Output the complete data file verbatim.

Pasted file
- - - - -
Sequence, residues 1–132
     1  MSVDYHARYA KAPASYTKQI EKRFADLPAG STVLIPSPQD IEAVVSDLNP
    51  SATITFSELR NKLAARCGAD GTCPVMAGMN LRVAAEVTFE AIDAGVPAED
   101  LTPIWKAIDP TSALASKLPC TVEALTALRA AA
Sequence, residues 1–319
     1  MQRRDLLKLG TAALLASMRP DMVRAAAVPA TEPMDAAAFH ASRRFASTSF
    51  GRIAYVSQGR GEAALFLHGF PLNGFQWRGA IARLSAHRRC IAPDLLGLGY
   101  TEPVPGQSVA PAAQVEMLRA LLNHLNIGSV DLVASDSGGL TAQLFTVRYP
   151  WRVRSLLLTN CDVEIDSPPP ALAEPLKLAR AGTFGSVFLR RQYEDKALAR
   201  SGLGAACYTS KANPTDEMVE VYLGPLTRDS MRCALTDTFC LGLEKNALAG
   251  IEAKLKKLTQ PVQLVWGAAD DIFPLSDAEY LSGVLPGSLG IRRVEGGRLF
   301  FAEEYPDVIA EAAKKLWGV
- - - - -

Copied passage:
Sequence, residues 1–132
     1  MSVDYHARYA KAPASYTKQI EKRFADLPAG STVLIPSPQD IEAVVSDLNP
    51  SATITFSELR NKLAARCGAD GTCPVMAGMN LRVAAEVTFE AIDAGVPAED
   101  LTPIWKAIDP TSALASKLPC TVEALTALRA AA
Sequence, residues 1–319
     1  MQRRDLLKLG TAALLASMRP DMVRAAAVPA TEPMDAAAFH ASRRFASTSF
    51  GRIAYVSQGR GEAALFLHGF PLNGFQWRGA IARLSAHRRC IAPDLLGLGY
   101  TEPVPGQSVA PAAQVEMLRA LLNHLNIGSV DLVASDSGGL TAQLFTVRYP
   151  WRVRSLLLTN CDVEIDSPPP ALAEPLKLAR AGTFGSVFLR RQYEDKALAR
   201  SGLGAACYTS KANPTDEMVE VYLGPLTRDS MRCALTDTFC LGLEKNALAG
   251  IEAKLKKLTQ PVQLVWGAAD DIFPLSDAEY LSGVLPGSLG IRRVEGGRLF
   301  FAEEYPDVIA EAAKKLWGV